Yesterday confirmed what I have always known: Yardfest really is the best day of the year. The event represents the potential for administration-sponsored and funded programming to unify an often fractured student body and to provide a much-needed diversion from the stresses of academic and extracurricular life. Every year I ask why there are not more events like Yardfest, events that are free, inclusive, accessible, and fun. And every year I come to the conclusion that Yardfest and similar events are rare not because there is no demand for them, but because student groups like the Undergraduate Council and College Events Board lack the resources to plan them consistently and efficiently. While the administration rightfully relies on these organizations to power campus social life, it chronically underfunds them and their programs. Student life would benefit from more events like Yardfest and this requires the University to match its rhetoric with its resources. If student organizations should form the foundation of social life on campus, the administration must give them the means to do so.
On a campus that lacks a central social space, Yardfest transforms Tercentenary Theater into a student center for an evening. It is one of the few days of the year when you can run into, interact, and reconnect with almost everyone you know. The event reaffirms Harvard as a unified community instead of a fractured student body split into Houses, teams, final clubs, and extracurricular organizations. Whereas other schools charge exorbitantly for tickets to their spring concerts, the administration has laudably kept Yardfest free. As a member of the CEB, I sometimes criticized this approach for denying us the additional funds that could help us afford better artists. But let’s be real. No one goes to Yardfest because they want to hear awesome music. They go to be outside, to see friends, and to participate in a community event. Keeping Yardfest free allows every student to attend without worrying about the financial ramifications of paying for a ticket. We need more events like this, not necessarily huge outdoor concerts, but events that echo Yardfest’s commitment to accessibility and inclusivity.
Events like Yardfest are also critical because only these large, free events can effectively compete with final club and room parties that draw students into less safe, less inclusive spaces. Faced with the prospect of spending nearly $10 to attend a dining hall dance (or as much as $30 to go to a House Formal!), few can be blamed for turning to clubs that offer free admission and alcohol. This is not in the best interest of the administration, which loses the ability to monitor the health and behavior of its students. But neither is this in the interest of the final clubs and other societies that host parties. With limited space, capacity quickly becomes an issue that leads to (recently reported-on) fights and overcrowding. Everyone stands to benefit from increasing administration emphasis on funding large, free, and inclusive events.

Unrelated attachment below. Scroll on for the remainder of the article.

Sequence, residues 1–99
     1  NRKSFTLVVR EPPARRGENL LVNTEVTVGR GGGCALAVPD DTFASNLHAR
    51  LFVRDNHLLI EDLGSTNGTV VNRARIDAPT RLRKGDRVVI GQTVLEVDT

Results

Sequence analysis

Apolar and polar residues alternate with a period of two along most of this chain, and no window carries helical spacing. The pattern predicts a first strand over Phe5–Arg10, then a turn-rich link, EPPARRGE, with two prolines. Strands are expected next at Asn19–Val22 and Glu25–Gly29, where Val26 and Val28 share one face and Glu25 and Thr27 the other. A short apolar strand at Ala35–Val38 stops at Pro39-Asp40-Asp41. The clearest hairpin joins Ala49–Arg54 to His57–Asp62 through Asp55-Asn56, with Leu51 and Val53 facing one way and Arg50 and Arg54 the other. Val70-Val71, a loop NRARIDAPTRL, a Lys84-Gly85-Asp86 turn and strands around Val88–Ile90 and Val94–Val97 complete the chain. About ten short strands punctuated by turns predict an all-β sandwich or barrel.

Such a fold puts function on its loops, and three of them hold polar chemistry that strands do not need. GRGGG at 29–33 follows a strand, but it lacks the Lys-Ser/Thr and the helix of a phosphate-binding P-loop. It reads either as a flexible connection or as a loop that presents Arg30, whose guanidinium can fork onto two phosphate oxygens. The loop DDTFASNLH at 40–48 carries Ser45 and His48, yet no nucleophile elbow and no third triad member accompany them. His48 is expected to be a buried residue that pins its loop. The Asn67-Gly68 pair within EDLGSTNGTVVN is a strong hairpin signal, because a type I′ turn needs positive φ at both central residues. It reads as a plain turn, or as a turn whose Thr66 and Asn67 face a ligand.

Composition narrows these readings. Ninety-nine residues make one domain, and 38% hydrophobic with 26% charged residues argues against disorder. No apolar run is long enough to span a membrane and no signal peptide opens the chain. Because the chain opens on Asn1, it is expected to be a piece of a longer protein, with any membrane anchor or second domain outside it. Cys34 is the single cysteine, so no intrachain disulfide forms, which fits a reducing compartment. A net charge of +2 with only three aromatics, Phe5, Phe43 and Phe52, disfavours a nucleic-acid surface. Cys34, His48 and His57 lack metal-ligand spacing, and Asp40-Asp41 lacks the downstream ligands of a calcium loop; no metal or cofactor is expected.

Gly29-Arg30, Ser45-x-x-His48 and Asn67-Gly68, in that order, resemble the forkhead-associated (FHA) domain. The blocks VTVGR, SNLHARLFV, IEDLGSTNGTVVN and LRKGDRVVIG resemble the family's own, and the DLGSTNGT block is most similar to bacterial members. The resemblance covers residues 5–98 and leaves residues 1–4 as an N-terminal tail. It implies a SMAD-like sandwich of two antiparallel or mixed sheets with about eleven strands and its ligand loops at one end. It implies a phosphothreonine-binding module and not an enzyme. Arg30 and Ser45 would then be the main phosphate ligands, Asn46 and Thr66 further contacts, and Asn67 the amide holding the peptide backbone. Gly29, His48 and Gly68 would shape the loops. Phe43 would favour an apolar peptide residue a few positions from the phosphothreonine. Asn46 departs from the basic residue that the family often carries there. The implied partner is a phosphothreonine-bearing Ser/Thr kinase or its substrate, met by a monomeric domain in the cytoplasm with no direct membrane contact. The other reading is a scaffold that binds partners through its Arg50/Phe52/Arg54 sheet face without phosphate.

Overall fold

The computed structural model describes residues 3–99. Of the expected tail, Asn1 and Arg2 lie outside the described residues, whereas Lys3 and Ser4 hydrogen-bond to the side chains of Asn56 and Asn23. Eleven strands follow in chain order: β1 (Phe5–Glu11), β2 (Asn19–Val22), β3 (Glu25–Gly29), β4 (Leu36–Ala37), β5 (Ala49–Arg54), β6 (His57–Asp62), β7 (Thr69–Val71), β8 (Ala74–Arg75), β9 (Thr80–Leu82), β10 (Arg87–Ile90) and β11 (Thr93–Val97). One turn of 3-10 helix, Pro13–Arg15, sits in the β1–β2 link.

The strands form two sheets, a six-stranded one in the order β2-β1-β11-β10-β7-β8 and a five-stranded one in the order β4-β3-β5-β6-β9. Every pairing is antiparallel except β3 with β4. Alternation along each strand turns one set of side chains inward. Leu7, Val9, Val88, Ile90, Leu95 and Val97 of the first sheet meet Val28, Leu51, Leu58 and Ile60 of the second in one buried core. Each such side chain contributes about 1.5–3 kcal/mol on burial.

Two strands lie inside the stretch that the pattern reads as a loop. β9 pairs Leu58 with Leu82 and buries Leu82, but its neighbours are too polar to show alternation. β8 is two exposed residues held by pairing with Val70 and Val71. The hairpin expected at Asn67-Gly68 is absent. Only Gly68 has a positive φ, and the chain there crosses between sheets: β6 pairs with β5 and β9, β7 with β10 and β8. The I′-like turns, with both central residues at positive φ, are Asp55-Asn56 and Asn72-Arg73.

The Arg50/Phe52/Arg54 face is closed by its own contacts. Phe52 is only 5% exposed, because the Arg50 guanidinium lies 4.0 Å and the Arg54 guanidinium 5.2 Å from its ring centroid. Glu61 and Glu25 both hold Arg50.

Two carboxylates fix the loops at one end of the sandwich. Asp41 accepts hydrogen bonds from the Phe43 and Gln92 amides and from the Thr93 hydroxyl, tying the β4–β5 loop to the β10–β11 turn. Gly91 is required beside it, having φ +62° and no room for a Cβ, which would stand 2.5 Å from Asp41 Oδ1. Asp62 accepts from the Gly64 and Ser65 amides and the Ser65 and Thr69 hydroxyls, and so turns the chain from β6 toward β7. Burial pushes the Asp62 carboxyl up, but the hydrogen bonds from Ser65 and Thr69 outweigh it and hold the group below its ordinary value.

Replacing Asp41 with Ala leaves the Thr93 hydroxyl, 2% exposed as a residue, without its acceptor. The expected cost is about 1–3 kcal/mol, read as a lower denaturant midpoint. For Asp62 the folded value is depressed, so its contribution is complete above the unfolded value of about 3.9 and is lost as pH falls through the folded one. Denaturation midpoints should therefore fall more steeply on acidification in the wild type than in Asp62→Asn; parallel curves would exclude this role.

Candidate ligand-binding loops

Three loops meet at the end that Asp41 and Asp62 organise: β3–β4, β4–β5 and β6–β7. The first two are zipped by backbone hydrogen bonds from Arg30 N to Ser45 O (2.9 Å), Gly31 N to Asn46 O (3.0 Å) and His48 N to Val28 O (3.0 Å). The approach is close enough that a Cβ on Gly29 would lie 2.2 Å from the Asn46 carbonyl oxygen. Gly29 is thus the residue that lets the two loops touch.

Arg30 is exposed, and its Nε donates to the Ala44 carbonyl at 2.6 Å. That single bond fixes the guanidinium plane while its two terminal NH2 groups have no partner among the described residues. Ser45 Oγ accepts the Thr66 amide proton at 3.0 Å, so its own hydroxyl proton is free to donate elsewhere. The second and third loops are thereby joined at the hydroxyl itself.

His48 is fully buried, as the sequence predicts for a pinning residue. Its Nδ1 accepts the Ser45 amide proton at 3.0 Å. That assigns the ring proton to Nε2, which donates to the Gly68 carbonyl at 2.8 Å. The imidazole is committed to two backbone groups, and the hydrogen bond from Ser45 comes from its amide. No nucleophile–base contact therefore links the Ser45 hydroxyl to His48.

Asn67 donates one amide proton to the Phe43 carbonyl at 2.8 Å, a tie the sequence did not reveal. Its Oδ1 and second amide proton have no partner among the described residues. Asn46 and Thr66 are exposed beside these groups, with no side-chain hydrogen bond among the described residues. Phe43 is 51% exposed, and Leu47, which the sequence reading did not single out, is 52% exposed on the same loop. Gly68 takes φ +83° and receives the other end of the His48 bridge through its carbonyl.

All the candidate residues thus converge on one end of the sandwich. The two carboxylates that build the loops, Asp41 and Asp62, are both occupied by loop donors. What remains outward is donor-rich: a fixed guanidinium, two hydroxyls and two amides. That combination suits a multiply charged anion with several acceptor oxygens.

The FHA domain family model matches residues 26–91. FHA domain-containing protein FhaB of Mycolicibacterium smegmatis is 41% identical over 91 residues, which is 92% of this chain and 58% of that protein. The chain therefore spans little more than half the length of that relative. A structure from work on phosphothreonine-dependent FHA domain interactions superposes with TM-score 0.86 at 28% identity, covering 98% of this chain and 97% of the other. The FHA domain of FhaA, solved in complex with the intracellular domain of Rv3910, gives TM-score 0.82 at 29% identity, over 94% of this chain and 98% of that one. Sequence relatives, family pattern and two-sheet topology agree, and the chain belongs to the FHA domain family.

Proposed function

Yet hosting events like this at Harvard is an immensely difficult undertaking. Harvard lacks spaces on campus that are designed to accommodate large parties. Therefore, groups are forced to search for privately owned venues that are often incredibly expensive. This is why the UC’s Large Venue Grant Pilot Program, which provides $10,000 grants for organizations to host Yardfest-like programs off campus, is such a welcome addition to the social scene. It demonstrates the UC’s understanding that creating attractive and inclusive social options is incredibly resource intensive. The administration should do everything it can to expand, support, and promote this new initiative.
Without additional administration funding, the UC is necessarily limited by its own budgetary limitations and inefficiencies. They have too many mouths to feed, which forces them to split their student group allocations into laughably small grants—they have traditionally been capped at around $200. Meanwhile the CEB, which excels at event planning, quickly burns through its annual allocation of $200,000 based on the costs of Yardfest and the Harvard Carnival.
So what should the administration do? They must boost UC funding significantly so that the Council can provide larger grants to student organizations and can continue and expand their Large Venue pilot program. They must also increase CEB funding so that the organization can do more of what it does best—large-scale, free, inclusive programming. Money is tight and has been for as long as I’ve been at Harvard, but the appeal and success of Yardfest demonstrates the importance of funding sufficient programming for the entire College. And I’m not just saying all of this because Yardfest is my favorite day of the year. This type of events represents the best way to provide alternatives to exclusive and gendered social space, to build a unified community at Harvard, and, most importantly, to make student life at Harvard more fun, varied, and accessible.
Tobias S. Stein ’11 is an urban studies concentrator in Quincy House. His column appears on alternate Mondays.